How Do I Choose the Best Electronic Switch?

Article Details
  • Written By: Andrew Kirmayer
  • Edited By: Shereen Skola
  • Last Modified Date: 20 October 2019
  • Copyright Protected:
    Conjecture Corporation
  • Print this Article
Free Widgets for your Site/Blog
Octopuses and other cephalopods sometimes change color while sleeping; this could indicate that they are dreaming.  more...

November 21 ,  1969 :  The first Advanced Research Projects Agency Network (ARPNET) link was permanently established for the first time.  more...

Choosing the best electronic switch for an application requires knowing what kind of load it can handle, how long the switch will be operative, what regulations it meets, and the kind of environment it can function in. Another way to choose a switch is to see the type of rating given by Underwriters Laboratories (UL), or the level of Ingress Protection (IP) specified by the International Electrotechnical Commission (IEC). Electronic switches mount to circuit boards in different ways, including surface mounts, soldering, or with a quick connect design. Some might not be able to handle the temperatures of soldering, while the size needed affects the choice because so many components must fit onto small circuit boards of even home electronics.

An electronic switch must be able to handle the load and voltage of the particular device it is being used on. If it is rated too low, then the power of the device can short it out and the switch won’t work. Too high a rating could make a switch inefficient and unnecessarily expensive. The functions of mechanical contacts are not relevant because electronic switches contain bipolar junction transistors or field-effect transistors. One must know the ratings of these components, which are usually listed in the product’s specifications.


Life expectancy is another concern. Depending on the quality, a switch might be less expensive but cost more later on to maintain and replace, especially if it is mounted to a circuit board. An electronic switch may also need to operate in the presence of moisture, high temperatures, or dust depending on where it used. Building electronics are usually placed in a controlled environment, but electronic switches used for industrial systems, medical devices, and construction equipment are often exposed to the elements.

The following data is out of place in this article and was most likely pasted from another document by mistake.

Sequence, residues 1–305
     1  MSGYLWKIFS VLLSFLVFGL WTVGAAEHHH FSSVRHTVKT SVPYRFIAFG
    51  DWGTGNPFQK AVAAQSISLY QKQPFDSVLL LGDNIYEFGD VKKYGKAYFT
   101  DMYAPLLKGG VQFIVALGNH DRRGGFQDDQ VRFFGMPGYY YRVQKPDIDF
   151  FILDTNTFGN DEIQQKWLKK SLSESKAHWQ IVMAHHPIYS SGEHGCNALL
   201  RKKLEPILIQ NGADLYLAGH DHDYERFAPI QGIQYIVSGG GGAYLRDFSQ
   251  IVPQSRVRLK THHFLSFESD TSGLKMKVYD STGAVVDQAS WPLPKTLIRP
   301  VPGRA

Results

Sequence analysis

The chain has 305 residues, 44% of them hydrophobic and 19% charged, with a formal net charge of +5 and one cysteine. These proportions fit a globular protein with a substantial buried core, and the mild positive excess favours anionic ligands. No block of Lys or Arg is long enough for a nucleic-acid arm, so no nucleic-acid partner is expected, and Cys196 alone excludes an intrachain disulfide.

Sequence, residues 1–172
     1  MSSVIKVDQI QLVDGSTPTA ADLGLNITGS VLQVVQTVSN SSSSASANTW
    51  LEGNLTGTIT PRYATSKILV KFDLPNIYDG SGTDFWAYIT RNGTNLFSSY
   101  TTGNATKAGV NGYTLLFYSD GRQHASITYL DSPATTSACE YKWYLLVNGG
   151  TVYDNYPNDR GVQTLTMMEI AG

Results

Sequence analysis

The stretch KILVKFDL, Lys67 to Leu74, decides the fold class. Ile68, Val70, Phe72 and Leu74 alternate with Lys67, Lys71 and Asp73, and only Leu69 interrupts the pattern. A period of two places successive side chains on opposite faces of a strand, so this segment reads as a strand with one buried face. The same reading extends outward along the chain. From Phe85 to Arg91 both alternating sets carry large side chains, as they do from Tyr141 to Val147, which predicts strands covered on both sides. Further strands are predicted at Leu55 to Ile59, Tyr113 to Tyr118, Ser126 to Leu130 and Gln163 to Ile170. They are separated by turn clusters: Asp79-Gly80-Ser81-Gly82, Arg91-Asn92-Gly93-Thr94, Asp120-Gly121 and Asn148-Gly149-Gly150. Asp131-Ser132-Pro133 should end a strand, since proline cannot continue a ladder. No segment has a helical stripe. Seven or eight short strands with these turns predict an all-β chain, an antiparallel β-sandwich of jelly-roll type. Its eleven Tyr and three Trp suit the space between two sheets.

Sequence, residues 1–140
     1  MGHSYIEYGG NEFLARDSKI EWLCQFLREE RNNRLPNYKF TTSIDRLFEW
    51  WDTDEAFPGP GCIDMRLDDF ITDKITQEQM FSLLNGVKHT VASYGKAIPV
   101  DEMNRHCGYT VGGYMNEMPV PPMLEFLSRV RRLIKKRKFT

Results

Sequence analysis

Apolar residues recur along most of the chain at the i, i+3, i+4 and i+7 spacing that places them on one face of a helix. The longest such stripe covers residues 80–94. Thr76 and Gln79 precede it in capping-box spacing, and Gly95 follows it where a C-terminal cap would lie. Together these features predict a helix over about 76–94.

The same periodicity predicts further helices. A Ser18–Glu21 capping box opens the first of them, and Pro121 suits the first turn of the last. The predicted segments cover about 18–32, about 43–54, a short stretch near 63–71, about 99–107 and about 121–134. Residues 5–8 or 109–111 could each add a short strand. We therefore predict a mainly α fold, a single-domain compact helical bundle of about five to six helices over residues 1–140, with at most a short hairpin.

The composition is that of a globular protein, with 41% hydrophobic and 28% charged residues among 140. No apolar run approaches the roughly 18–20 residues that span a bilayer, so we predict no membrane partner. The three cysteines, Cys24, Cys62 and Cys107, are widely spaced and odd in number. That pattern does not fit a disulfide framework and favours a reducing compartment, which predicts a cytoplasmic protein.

The IP ratings of the switch indicate how protected it is. An IP 65 rating, for example, means that the electronic switch can be used where there is dust in the air, and where there is direct exposure to water. If it is IP 67 rated, the switch can be immersed in water, while lower ratings such as IP 60 mean exposure to water would damage the device, but that dirt won’t get inside. All of the IP ratings specify how well any electronic enclosure is sealed. The size of the electronic switch is also important, because whether it is a standard, miniature, or ultra-miniature switch affects inclusion into the overall design of the electronics.


You might also Like


Discuss this Article

Post 3

@umbra21 - This is one of the reasons it would pay to go into being an electrician at the moment. People may once have tried to do this kind of thing on their own, but now most people will just call an electrician.

They should probably still try to know the basics though, like how to choose the best kind of switch. Trusting the electrician to know what to do only works if you know you can trust him or her. And you'll only figure out if they really know what they're doing if you know a little about the job yourself.

Post 2

@croydon - Yes, electricity can be dangerous, but generally I think when changing a switch most people could do it without needing to call an electrician.

As long as they respect the fact that it can be dangerous and double and triple check themselves the whole way through, it's actually quite simple.

I would also make sure you are using the right kind of instructions. Don't use anything that's not up to date, and don't look for slap dash instructions online either, as you can't be sure they can be trusted.

This is not to say that you should do every electric repair yourself. But changing a switch or installing one might be within your abilities.

Post 1

I just wouldn't even try to install anything that requires electricity. I know I could probably figure out what needs to be done, but I would live in fear that I had done something wrong.

It just seems like too much of a risk. I'd much rather call a professional to have it done, and make sure it was done right, even if it's something like installing a switch.

Electricity is just too much of a dangerous thing, in my mind, and if someone else got hurt from my work, I would never be able to forgive myself.

Post your comments

Post Anonymously


forgot password?